Drew is still young. There is still time. But maybe he's just not that good? Maybe he could never readjust to the pitchers once they adjusted to him after his initial success in 2006. His line drive percentage was 16.5% last year, after being 23.8% in 2006, and without great power or great contact skills and plate discipline that's just not going to get it done. Chris Young is a future star who is currently an average player. Stephen Drew is supposed to be a future star, but at this point I think the Snakes would settle on him becoming just a solid average shortstop. The Snakes, like the Dodgers, have a lot of question marks in their lineup.
Justin Irvin Upton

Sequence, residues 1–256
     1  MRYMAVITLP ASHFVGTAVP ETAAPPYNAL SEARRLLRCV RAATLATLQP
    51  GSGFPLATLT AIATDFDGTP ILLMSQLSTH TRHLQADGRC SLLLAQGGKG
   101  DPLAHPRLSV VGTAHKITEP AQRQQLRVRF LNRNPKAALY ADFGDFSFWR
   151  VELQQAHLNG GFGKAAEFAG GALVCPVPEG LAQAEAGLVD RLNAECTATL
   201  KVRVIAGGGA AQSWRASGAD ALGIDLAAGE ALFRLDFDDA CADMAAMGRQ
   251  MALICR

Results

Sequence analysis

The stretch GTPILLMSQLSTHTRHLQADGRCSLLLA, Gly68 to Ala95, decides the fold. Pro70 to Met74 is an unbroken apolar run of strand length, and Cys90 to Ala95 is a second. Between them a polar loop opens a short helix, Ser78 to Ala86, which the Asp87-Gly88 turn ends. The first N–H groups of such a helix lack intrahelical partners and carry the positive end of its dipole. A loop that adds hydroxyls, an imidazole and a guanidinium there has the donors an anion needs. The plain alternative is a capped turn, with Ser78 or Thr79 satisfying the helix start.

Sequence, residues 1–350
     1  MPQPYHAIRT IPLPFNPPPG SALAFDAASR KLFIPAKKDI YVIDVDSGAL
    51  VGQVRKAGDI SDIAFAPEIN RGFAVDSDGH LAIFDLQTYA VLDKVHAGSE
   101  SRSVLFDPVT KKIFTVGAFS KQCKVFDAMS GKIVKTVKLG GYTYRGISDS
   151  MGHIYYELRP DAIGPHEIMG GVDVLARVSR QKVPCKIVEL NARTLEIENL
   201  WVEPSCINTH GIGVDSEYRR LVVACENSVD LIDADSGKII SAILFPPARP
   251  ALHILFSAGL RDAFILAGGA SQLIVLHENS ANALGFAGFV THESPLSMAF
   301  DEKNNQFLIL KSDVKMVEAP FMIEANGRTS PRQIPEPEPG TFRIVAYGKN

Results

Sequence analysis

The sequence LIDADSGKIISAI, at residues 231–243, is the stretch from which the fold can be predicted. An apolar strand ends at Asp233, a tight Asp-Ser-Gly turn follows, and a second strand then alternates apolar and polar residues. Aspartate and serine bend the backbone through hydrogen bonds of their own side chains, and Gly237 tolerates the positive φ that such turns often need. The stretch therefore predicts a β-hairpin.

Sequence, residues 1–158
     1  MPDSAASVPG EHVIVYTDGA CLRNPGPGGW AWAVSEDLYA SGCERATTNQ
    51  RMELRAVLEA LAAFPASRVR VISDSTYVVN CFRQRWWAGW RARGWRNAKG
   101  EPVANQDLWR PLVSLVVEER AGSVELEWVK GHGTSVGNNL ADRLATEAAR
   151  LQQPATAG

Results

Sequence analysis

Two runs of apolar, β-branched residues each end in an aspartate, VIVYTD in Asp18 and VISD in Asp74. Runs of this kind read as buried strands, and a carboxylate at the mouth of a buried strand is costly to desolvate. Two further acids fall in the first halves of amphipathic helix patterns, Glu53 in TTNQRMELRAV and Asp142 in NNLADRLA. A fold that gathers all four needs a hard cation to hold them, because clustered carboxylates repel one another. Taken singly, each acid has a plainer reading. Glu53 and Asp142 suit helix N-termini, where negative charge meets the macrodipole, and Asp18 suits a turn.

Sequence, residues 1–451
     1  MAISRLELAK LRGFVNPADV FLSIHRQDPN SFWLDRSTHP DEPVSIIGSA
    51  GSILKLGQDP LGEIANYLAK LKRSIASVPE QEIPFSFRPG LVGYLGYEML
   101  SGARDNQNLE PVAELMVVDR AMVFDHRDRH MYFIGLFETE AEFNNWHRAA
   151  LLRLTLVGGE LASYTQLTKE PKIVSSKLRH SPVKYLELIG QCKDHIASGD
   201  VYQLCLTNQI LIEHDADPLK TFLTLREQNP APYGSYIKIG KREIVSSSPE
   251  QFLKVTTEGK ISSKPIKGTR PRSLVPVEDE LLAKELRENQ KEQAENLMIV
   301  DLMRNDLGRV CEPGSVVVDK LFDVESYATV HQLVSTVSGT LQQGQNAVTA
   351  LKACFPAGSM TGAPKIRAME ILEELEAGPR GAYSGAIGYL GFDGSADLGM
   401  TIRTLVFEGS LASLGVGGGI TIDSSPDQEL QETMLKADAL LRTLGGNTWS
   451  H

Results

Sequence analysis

Forget about his numbers in two months of big league play last year. There's nothing there worth looking at. Upton is going to be great someday, most likely. I don't think he'll be great this year, though. He might be good, or he might be average, or he might struggle as he did last year. He'll only be 20 this season. Can't expect too much from him, right?
Upton is one of four Snakes, along with Young, Drew, and Reynolds, who is almost impossible to predict for 2008. These are all young players, and overall the Snakes should get more from these four this year than they got last year. But how much more? This is part of what makes predicting the Snakes so hard this year.
Eric James Byrnes
On his Baseball Reference page his nicknames are listed as "Crash Test Dummy" and "Pigpen". So he's either filthy or destined to hurt himself against an outfield wall like Repko or Kemp.